Please use this identifier to cite or link to this item: https://doi.org/10.1080/13504509.2013.820224
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dc.titleExploring an innovative design for sustainable urban water management and energy conservation
dc.contributor.authorZhang, S.X.
dc.contributor.authorPramanik, N.
dc.contributor.authorBuurman, J.
dc.date.accessioned2016-09-06T07:04:52Z
dc.date.available2016-09-06T07:04:52Z
dc.date.issued2013-10-01
dc.identifier.citationZhang, S.X., Pramanik, N., Buurman, J. (2013-10-01). Exploring an innovative design for sustainable urban water management and energy conservation. International Journal of Sustainable Development and World Ecology 20 (5) : 442-454. ScholarBank@NUS Repository. https://doi.org/10.1080/13504509.2013.820224
dc.identifier.issn13504509
dc.identifier.urihttp://scholarbank.nus.edu.sg/handle/10635/126689
dc.description.abstractLarge areas of our cities are taken by impervious areas, which reduce infiltration and increase peak flows, leading to flash floods and rendering less water for storage and use. At the same time, urban water demand is growing at an unsustainable pace. An innovative system design combining permeable pavements with underground water storage is proposed to reduce runoff peaks, store water, treat pollutants, lower ambient temperatures (heat island effect), and harvest energy from the heated pavement. The proposed system is highly exploratory and aims to answer questions such as what existing technological options could be used, how are the elements of the system integrated, and what are the potential benefits?Through a prototypical case application in an industrial area in Singapore, it was found that the proposed system could significantly reduce runoff and peak flows and slow the recharge of underground water storage. The sizes of urban drains can therefore be reduced significantly, thereby freeing up valuable urban space-a primary sustainability concern in crowded urban cities. We also found that the proposed design solution has not satisfied decision and policy-makers on energy-harvesting and heat-island-effect reduction. We conclude by discussing our lessons learnt from the exploratory study from the technical, economic, and sustainability perspectives. © Taylor & Francis.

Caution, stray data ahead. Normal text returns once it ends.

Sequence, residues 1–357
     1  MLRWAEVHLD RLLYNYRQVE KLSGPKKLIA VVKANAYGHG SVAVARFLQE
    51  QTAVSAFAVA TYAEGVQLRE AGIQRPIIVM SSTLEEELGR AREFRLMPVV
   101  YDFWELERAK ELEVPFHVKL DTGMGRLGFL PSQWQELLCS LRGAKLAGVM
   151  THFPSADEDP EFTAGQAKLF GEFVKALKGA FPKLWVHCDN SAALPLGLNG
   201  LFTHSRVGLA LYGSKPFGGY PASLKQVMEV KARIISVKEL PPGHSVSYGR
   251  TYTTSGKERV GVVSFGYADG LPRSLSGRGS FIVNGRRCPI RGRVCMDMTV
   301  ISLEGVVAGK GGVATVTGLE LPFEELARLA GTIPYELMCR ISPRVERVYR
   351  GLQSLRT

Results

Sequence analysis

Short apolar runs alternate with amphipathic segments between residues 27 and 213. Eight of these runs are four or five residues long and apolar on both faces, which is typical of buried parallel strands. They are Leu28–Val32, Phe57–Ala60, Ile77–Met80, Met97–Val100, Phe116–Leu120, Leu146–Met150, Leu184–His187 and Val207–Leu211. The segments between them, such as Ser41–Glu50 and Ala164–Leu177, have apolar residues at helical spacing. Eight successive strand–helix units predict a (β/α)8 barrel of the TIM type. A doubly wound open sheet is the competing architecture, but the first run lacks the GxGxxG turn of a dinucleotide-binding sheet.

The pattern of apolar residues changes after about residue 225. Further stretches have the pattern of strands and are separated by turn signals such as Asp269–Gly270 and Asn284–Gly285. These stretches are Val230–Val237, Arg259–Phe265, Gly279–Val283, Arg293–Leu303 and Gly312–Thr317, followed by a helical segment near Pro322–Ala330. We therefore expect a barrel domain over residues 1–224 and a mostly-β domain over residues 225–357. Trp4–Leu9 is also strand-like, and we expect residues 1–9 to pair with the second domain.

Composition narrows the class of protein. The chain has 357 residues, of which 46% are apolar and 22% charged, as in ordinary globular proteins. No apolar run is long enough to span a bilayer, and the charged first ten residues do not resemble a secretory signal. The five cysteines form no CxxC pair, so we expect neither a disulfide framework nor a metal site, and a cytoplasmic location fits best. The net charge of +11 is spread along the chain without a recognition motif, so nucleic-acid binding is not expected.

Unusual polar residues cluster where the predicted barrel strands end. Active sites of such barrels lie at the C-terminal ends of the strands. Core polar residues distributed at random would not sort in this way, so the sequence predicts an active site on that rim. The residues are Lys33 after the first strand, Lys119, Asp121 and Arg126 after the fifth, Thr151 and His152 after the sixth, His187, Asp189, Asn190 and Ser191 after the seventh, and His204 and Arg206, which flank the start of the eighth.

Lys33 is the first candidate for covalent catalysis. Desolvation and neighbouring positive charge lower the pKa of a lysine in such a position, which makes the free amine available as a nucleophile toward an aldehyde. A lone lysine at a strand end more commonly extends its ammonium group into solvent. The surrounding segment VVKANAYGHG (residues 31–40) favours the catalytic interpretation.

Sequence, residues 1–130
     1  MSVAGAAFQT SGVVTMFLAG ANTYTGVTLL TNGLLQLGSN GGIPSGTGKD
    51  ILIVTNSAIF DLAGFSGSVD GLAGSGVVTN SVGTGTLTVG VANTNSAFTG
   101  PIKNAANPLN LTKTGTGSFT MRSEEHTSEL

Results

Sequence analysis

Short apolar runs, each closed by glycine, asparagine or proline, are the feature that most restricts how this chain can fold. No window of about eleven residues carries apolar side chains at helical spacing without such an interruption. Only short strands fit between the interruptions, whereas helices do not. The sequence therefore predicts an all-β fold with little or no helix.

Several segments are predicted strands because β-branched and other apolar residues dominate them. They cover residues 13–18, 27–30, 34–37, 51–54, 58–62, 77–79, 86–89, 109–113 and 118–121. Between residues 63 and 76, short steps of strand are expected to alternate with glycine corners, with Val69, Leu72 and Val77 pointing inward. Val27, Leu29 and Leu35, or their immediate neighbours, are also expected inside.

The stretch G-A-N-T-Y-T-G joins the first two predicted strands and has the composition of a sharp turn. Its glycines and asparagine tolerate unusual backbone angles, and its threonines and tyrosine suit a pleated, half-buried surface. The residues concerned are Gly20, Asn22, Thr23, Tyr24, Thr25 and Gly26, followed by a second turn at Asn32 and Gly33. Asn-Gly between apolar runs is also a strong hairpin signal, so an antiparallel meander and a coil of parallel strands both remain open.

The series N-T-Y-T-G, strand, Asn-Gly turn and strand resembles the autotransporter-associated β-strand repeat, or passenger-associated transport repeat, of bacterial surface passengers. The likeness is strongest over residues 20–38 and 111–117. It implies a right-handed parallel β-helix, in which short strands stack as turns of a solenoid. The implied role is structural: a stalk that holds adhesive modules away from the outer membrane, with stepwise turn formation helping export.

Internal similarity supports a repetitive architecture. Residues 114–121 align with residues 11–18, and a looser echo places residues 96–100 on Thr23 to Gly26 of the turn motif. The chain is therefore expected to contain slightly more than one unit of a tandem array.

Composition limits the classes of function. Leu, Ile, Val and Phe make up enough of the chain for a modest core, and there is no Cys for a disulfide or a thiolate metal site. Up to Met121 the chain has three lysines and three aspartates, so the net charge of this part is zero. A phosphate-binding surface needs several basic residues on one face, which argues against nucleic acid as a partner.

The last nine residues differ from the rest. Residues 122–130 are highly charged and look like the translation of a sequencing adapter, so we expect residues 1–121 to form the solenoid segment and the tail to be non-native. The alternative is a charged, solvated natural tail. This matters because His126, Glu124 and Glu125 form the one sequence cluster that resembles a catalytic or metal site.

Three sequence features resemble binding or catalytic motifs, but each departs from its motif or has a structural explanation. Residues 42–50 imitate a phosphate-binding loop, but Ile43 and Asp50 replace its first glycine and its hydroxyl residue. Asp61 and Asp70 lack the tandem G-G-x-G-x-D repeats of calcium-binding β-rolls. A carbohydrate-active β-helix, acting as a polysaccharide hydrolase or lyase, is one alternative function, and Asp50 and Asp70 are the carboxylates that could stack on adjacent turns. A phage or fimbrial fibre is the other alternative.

dc.description.urihttp://libproxy1.nus.edu.sg/login?url=http://dx.doi.org/10.1080/13504509.2013.820224
dc.sourceScopus
dc.subjectenergy efficiency
dc.subjectintegrated system
dc.subjectpermeable pavement
dc.subjectsustainability
dc.subjecttechnological innovation
dc.subjecturban space
dc.subjectwater-energy nexus
dc.typeArticle
dc.contributor.departmentSINGAPORE-DELFT WATER ALLIANCE
dc.description.doi10.1080/13504509.2013.820224
dc.description.sourcetitleInternational Journal of Sustainable Development and World Ecology
dc.description.volume20
dc.description.issue5
dc.description.page442-454
dc.description.codenIJSDB
dc.identifier.isiut000324793900007
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